Our population isn’t getting any younger and soon there’ll be more elder people in the United States than ever before. At the same time that the population is growing, we know that a startling number of elders face abusive conditions. Every year an estimated 5 million, or 1 in 10, older Americans are victims of elder abuse, neglect, or exploitation, according to the Council on Elder Abuse. That’s only part of the picture. Experts believe that for every case of elder abuse or neglect reported, as many as 23.5 cases go unreported.

COVID-19 has brought its own set of difficulties. Older persons are at more risk of mortality and severe disease following infection. The pandemic has resulted in seniors isolating more than they may have before. If abuse is occurring, it may go unnoticed by others.

In Lincoln County, the Adult Protective Services Department of the Department of Social Services is tasked with fielding complaints and tips about elder abuse. The department covers both the elderly and disabled adults, according to Bethea.

“We’ve been seeing a lot of exploitation,” she said. “This could be someone taking an elderly or disabled person to the bank and making the make withdrawals, or a debit card is given to a person to go out and purchase needed items and instead they may do that and help themselves to things as well. Transfer of land is another form. It’s been on the rise for quite some time.”

Unfortunately, an elderly or disabled person is as prone to abuse or neglect as a child, Bethea added.

“As they age and get older, they become more dependent upon others to help them meet the activities of their daily living,” she said. “That can sometimes put them in this type of situation.”

Physical abuse isn’t as much of a problem as caretaker neglect which can take many forms. A caretaker assumes total responsibility for an individual to make sure their needs are met on a daily basis. Sometimes an individual is completely dependent, and a breakdown may occur. 

“Someone may be isolated and left in a room alone,” Bethea said. “Another example is skin breakdown which can occur in a diabetic if the proper precautions aren’t taken. Each and every situation is so individual.”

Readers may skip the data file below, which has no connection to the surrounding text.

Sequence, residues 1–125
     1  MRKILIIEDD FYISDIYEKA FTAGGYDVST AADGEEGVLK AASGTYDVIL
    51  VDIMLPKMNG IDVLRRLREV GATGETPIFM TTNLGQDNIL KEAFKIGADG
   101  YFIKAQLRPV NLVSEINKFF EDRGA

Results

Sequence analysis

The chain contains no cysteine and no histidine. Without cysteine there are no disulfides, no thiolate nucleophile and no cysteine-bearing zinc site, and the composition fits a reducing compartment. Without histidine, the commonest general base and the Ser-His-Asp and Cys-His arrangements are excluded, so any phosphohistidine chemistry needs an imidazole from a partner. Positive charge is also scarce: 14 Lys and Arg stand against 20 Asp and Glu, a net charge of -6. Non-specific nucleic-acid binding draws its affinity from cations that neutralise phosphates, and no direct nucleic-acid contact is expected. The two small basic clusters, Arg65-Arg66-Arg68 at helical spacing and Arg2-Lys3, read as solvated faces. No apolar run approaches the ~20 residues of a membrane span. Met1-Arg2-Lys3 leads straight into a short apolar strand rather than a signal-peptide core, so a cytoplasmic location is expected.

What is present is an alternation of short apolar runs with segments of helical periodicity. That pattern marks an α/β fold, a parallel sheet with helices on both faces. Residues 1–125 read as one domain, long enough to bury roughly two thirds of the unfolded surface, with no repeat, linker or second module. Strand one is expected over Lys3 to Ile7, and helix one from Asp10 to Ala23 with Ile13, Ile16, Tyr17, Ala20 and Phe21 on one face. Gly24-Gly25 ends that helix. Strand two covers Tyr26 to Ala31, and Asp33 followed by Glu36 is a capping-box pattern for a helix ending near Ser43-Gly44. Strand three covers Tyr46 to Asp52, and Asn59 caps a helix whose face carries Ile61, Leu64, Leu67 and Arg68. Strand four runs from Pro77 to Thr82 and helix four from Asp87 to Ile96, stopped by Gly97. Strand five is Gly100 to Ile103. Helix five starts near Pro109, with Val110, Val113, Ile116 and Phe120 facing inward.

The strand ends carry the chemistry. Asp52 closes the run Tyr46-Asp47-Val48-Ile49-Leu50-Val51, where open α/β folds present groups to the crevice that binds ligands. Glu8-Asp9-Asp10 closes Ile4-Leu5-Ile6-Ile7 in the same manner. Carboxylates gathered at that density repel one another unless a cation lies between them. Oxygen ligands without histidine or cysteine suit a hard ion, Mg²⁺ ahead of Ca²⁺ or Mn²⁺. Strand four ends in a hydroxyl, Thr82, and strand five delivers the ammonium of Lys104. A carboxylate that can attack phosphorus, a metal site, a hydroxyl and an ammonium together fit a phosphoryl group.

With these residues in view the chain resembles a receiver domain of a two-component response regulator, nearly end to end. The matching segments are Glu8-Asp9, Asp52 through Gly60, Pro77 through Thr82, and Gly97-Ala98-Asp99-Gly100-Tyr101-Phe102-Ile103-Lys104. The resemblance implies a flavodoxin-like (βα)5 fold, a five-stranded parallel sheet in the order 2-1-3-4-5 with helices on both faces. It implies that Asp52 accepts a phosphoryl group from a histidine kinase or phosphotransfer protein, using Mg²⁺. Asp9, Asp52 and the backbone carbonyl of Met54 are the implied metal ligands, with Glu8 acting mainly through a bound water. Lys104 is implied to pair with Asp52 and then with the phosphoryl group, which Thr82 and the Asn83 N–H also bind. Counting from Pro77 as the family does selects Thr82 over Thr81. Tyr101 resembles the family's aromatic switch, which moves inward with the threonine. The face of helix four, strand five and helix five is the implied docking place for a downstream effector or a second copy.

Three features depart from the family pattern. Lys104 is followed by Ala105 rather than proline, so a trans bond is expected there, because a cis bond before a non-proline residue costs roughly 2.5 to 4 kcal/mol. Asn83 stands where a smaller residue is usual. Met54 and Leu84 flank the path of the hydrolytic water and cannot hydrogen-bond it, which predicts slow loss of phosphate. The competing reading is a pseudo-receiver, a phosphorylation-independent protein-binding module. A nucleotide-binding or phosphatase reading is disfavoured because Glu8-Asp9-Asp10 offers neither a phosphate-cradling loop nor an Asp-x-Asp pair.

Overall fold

Anyone can report suspected abuse. The Department of Social Services is mandated by law to carry out this particular service. 

“If you suspect this is happening, you can call our agency,” Bethea said. “We have criteria by which we screen a report. We have timeframes by which we have to examine a case if that’s necessary. Adult protective services are very invasive, and we want to make sure that when we go out that we need to. All of our other services are by request, but adult protective services are not a requested service.”

Some of the signs of potential abuse include isolation, unexplained cuts, bruises, sprains or broken bones, injuries that occur over and over, lack of medical attention, a person may all of a sudden act frightened, depression, confusion or a loss of interest in things, changes in behavior that can’t be explained, being unkept and weight loss.

Sometimes issues can be resolved, but other times, guardianship may need to be sought through the courts.

“We take the responsibility of our jobs every seriously,” Bethea said. “There are so many people without family now. Sometimes the social workers are the only folks some of these people see. With the current situation with COVID we’re seeing more isolation. We’ve worked really hard to try to maintain contact on a consistent basis.”

An individual doesn’t have to know for sure that abuse is happening, they may just suspect it, but it’s important to call the social workers on staff at Adult Protective Services.

“You don’t have to know, but if you have a general idea or feel that this may be happening, then I do encourage you give us a call and we’ll look at the information and screen it appropriately according to criteria and make a determination if we make a report or not,” Bethea said. “The population is aging. People are living longer, and people want to live and age in place. We do everything that we can to make sure that’s a possibility for them.”

Lincoln County Adult Protective Services will also respond to potential abuse cases in assisted living facilities and nursing homes. Each report receives a two-tier review by trained social workers.

In each county in North Carolina, the County Department of Social Services is mandated to provide Adult Protective Services. This service is designed to protect the disabled adult who is abused, neglected, exploited, and in need of protection as defined by North Carolina State Law. An essential component of the service is the preservation of the client’s right to self-determination recognizing the need for the least restrictive plan. 

Phone lines are staffed 24 hours a day by Lincoln County Social Services. Telephone numbers are (704) 732-1969 8 a.m. -5 p.m. Monday through Friday. After 5 p.m., weekends and holidays is (704) 735-8202. To make a report in person, Lincoln County Adult Services is located at 1136 East Main Street in Lincolnton. The mailing address is P.O. Box 130, Lincolnton, N.C. 28092.

What is needed to report:

  • Adult’s name and address
  • Age or birth date
  • Explain the situation and why you feel the person is abused, neglected, exploited and in need of protection.  
  • Names of others who may help provide information regarding the situation

The reporter’s name is confidential.

For more information view the North Carolina Division of Aging and Adult Services website; www.ncdhhs.gov

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